The approaches to teaching language are text-based, communicative and process orientated. The text-based approach and the communicative approach are both dependent on the continuous use and production of texts. A text-based approach explores how texts work. The purpose of a text-based approach is to enable learners to become competent, confident and critical readers, writers and viewers of texts. It involves listening to, reading, viewing and analysing texts to understand how they are produced and what their effects are. Through this critical interaction, learners develop the ability to evaluate texts. The text-based approach also involves producing different kinds of texts for particular purposes and audiences. This approach is informed by an understanding of how texts are constructed. This approach will require quite a lot of modelling, support and scaffolding in the First Additional Language classroom. Suggestions for these are built into the teaching plans.

communicative approach suggests that when learning a language, a learner should have a great deal of exposure to the target language and many opportunities to practise or produce the language by communicating for social or practical purposes. Language learning should be a natural, informal process carried over into the classroom where the literacy skills of reading/viewing and writing/presenting are learned in a ‘natural’ way – learners read by doing a great deal of reading and learn to write by doing a range of writing.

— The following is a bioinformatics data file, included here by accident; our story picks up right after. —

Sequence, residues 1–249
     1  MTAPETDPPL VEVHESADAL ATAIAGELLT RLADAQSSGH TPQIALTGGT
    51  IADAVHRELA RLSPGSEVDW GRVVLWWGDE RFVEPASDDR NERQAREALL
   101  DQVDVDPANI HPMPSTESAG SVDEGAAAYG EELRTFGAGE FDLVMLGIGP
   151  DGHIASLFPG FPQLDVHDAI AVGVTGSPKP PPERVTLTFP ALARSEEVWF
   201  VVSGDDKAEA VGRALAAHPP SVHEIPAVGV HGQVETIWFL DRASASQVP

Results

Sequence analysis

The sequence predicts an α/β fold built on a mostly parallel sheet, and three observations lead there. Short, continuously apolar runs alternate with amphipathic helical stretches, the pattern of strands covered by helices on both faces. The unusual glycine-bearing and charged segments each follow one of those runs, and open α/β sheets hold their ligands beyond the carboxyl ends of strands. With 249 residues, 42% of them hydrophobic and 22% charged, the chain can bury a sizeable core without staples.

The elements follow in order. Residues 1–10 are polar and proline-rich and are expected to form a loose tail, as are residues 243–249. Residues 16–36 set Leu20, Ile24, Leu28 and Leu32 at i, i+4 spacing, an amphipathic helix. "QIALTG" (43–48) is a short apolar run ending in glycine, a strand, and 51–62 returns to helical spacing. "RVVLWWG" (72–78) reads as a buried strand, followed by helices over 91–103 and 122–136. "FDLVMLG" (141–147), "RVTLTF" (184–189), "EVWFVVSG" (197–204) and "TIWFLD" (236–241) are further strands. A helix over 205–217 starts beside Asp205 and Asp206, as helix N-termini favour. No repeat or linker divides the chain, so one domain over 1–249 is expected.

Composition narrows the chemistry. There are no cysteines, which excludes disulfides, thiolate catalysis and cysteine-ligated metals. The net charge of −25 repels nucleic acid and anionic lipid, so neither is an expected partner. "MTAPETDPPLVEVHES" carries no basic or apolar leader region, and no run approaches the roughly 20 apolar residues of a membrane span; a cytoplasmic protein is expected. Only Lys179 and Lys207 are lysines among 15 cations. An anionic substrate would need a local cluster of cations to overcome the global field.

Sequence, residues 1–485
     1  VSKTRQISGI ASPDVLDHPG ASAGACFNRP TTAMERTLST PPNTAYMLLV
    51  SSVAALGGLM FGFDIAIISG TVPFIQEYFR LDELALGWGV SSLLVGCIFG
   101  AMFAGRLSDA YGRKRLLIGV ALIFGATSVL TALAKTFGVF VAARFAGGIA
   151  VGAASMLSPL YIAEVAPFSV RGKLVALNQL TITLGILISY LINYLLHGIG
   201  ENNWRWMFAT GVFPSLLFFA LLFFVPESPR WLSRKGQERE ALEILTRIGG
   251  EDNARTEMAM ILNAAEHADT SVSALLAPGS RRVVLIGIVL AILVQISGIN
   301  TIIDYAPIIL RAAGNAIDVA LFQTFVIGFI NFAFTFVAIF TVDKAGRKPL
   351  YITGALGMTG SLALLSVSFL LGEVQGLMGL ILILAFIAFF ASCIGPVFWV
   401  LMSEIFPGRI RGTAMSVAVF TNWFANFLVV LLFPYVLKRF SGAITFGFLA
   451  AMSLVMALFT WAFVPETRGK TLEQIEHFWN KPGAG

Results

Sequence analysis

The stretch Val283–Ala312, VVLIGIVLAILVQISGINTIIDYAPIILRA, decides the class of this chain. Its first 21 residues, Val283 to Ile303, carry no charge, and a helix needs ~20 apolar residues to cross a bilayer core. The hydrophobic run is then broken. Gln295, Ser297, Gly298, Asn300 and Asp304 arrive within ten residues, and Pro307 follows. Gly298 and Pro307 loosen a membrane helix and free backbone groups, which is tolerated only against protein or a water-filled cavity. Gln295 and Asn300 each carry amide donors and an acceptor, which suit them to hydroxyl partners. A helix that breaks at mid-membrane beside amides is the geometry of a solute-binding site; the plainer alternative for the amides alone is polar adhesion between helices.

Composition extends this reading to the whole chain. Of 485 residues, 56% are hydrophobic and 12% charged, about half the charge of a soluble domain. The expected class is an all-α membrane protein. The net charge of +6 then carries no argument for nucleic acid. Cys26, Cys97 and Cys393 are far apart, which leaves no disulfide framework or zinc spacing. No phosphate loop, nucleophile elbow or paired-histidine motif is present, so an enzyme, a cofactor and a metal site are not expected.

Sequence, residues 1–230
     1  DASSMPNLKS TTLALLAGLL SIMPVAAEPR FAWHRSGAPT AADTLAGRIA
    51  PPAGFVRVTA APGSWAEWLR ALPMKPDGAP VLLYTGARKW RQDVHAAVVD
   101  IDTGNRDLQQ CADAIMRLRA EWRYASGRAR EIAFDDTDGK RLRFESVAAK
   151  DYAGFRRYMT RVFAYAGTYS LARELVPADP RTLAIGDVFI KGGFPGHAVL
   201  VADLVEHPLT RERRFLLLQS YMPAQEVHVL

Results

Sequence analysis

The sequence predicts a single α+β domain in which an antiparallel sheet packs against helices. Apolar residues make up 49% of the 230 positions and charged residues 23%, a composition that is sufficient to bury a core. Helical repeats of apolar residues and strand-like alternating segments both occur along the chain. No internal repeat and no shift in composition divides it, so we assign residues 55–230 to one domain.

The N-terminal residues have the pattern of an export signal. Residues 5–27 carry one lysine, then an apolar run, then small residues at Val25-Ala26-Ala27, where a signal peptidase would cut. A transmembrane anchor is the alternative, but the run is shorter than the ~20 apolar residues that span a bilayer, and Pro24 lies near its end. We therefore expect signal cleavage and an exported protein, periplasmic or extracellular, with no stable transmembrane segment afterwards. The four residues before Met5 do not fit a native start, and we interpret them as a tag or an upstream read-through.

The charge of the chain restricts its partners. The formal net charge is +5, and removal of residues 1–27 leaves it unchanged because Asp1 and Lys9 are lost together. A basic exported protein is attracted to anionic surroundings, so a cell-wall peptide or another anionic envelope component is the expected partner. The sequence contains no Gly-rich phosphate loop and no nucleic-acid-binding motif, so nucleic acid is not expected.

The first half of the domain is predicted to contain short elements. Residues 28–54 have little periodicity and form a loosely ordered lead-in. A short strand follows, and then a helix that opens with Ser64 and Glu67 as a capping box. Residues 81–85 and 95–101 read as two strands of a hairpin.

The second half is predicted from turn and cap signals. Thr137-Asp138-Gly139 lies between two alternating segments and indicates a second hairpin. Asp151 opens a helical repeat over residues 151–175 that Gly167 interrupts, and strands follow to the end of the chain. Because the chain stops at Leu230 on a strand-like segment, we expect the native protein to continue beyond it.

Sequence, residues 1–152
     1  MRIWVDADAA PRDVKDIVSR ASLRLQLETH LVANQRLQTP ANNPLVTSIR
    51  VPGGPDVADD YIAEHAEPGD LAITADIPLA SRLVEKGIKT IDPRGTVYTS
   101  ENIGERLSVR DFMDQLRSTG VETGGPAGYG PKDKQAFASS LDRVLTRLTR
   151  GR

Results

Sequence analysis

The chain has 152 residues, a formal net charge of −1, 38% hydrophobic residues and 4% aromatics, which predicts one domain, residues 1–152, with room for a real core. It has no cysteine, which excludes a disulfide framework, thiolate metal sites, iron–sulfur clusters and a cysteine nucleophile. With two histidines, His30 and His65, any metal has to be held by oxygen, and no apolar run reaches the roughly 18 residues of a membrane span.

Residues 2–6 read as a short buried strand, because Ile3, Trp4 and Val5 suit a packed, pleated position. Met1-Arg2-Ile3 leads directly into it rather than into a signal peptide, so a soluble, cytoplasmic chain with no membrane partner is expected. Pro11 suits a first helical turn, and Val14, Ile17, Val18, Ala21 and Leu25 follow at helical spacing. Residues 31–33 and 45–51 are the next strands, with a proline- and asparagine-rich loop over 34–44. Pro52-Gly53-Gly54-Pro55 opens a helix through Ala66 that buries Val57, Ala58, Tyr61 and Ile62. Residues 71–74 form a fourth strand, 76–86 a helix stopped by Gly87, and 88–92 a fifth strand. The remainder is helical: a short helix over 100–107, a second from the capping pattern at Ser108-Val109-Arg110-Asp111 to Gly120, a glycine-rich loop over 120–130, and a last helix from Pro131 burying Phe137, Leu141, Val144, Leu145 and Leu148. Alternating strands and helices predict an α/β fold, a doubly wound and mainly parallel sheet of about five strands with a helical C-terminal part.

Learners should have access to the following for the First Additional Language in Grades 4-6:

Grades 4-6
Core materials
Prescribed FAL language textbook
A reader/readers containing the following text types
Information texts
Social texts
Media texts
Media materials
Television programmes
Radio programmes

The teacher should have:

  1. A Curriculum and Assessment Policy Statement document
  2. National Language in Education Policy
  3. The prescribed FAL language textbook used by learners; textbooks for resource purposes in addition to theprescribed one
  4. A reader/readers containing the recommended text types
  5. Dictionaries and reference books (monolingual, bilingual and multilingual dictionaries; thesaurus; encyclopaedia, a good grammar reference book, etc.)
  6. A Teacher’s Resource File/Book: this may be a file made up of materials collected by the teacher or a commercially published Teacher’s Guide

Classroom resources

  1. Texts for shared reading in Grade 4. These may be Big Books or other enlarged texts or the prescribed textbook or readers.
  2. A range of texts to accommodate different reading levels, e.g. a selection of readers with sufficient copies of texts at each level for the class/group. Single copies of readers can be used for pair/independent reading.
  3. A variety of media materials: newspapers, magazines, brochures, flyers, advertisements, posters, notices, etc.
  4. Audio/visual aids